The bid to break the states of Parana, Rio Grande do Sul and Santa Catarina from the far larger mass of Brazil has no legal standing. Turnout is expected to represent only a fraction of the trio's combined population of approximately 29 million.
However, organizers of the poll say the desire to be free from the rule of the corruption-riddled government in Brasilia is strong and genuine.
The group behind the movement, The South is My Country, said it hopes for at least one million voters to take part, up from 600,000 in an initial informal plebiscite held last year.
Some 20,000 volunteers were signed up to help conduct the poll, which uses paper ballots and asks the question: "Do you wish Parana, Santa Catarina and Rio Grande do Sul to be an independent country?"
'Enough of Brasilia'
The three states -- with borders on Argentina, Paraguay and Uruguay -- form a generally wealthier, whiter and colder region, compared to the tropical remainder of the country.
Separatist leaders say the region -- home to about one in seven Brazilians -- is unfairly forced to pay far more in taxes than it receives in government funding.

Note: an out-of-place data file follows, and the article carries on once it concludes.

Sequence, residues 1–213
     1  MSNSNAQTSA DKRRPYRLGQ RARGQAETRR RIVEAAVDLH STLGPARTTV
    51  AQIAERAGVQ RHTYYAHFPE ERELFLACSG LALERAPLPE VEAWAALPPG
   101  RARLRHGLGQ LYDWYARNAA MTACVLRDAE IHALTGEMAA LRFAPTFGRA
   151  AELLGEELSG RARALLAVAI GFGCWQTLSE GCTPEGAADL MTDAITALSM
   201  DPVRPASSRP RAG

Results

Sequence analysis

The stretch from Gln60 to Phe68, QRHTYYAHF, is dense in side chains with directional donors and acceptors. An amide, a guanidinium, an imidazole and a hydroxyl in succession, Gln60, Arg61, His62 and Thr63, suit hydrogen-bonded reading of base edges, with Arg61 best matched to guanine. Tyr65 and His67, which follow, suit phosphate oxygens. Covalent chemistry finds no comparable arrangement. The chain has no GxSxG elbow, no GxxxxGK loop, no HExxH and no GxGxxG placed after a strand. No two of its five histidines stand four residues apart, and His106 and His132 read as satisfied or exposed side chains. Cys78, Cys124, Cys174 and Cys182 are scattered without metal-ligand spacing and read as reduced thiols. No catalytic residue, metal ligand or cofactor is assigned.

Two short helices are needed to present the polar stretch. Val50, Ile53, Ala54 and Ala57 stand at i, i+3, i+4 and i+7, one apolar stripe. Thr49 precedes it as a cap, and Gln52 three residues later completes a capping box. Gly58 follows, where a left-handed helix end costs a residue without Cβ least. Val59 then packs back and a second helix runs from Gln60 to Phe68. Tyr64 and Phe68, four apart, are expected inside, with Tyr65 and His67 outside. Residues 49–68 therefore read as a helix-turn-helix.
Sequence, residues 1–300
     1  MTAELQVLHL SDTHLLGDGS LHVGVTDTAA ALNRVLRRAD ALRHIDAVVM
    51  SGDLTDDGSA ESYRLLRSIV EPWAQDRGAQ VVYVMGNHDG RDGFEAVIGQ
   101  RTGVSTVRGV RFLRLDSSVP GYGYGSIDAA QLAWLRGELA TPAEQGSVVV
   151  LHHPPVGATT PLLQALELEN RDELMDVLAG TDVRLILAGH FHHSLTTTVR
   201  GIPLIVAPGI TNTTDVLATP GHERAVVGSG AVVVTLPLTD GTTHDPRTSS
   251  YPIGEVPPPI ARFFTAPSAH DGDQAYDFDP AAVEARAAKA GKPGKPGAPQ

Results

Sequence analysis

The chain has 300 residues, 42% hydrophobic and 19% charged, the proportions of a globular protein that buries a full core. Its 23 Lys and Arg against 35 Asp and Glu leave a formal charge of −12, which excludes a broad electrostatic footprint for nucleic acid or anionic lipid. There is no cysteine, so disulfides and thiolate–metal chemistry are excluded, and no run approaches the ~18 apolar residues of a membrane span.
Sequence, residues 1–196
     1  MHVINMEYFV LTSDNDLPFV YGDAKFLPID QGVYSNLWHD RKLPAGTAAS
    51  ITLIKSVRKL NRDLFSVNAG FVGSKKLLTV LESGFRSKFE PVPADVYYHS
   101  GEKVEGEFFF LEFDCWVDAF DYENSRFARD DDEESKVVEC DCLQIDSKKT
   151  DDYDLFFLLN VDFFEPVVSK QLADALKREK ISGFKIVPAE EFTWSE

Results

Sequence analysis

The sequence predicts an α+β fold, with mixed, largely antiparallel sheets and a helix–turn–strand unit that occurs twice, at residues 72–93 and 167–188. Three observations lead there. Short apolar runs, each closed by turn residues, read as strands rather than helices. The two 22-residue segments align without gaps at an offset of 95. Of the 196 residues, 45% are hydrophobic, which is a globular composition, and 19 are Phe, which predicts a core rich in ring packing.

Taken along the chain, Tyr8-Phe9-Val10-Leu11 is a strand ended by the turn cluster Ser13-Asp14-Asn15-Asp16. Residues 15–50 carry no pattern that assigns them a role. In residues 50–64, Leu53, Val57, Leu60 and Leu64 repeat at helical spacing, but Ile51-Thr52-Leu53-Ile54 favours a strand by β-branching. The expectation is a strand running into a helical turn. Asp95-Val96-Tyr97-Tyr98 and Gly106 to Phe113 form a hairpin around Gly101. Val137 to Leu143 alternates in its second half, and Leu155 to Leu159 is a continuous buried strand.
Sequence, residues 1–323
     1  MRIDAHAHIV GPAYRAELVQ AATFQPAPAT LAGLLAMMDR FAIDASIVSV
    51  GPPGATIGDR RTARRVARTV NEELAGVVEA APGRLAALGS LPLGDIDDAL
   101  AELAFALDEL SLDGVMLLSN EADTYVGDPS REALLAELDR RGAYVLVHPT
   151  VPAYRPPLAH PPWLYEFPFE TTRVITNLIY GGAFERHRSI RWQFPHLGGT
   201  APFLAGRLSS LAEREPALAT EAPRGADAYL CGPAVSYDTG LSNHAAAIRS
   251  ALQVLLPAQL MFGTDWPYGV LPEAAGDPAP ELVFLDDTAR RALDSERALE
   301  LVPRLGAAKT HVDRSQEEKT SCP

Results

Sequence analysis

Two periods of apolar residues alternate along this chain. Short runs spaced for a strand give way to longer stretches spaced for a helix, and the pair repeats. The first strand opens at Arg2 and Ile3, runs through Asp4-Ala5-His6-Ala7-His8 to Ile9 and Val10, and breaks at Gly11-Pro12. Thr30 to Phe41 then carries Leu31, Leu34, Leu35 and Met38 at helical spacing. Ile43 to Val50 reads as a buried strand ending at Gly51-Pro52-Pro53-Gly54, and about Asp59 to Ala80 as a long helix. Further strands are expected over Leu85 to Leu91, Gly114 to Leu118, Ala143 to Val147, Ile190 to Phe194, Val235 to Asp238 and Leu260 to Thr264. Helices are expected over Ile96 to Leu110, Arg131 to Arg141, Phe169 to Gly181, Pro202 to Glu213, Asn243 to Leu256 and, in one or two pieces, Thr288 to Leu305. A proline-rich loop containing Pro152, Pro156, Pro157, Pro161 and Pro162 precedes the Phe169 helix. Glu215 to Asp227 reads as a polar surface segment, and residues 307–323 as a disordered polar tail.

"The Southern People never had the opportunity to express their opinion whether or not they would like to remain Brazilian," the group's mission statement says, adding that The South is My Country "is providing this opportunity."
Brazil's constitution bars separatism, but organizers take heart from the efforts in Catalonia to break away from Spain in a referendum held October 1 despite being ruled illegal by the central government in Madrid.
The South is My Country also hopes to benefit from nationwide disgust with the center-right government of President Michel Temer, which a recent poll found is seen as doing a good or very good job by only three percent of the population.
Catalonia's vote sets "a marvelous international precedent for all peoples," Celso Deucher, leader of The South is My Country, said in a video on the group's Facebook page.
Results are expected to be published by early Sunday.
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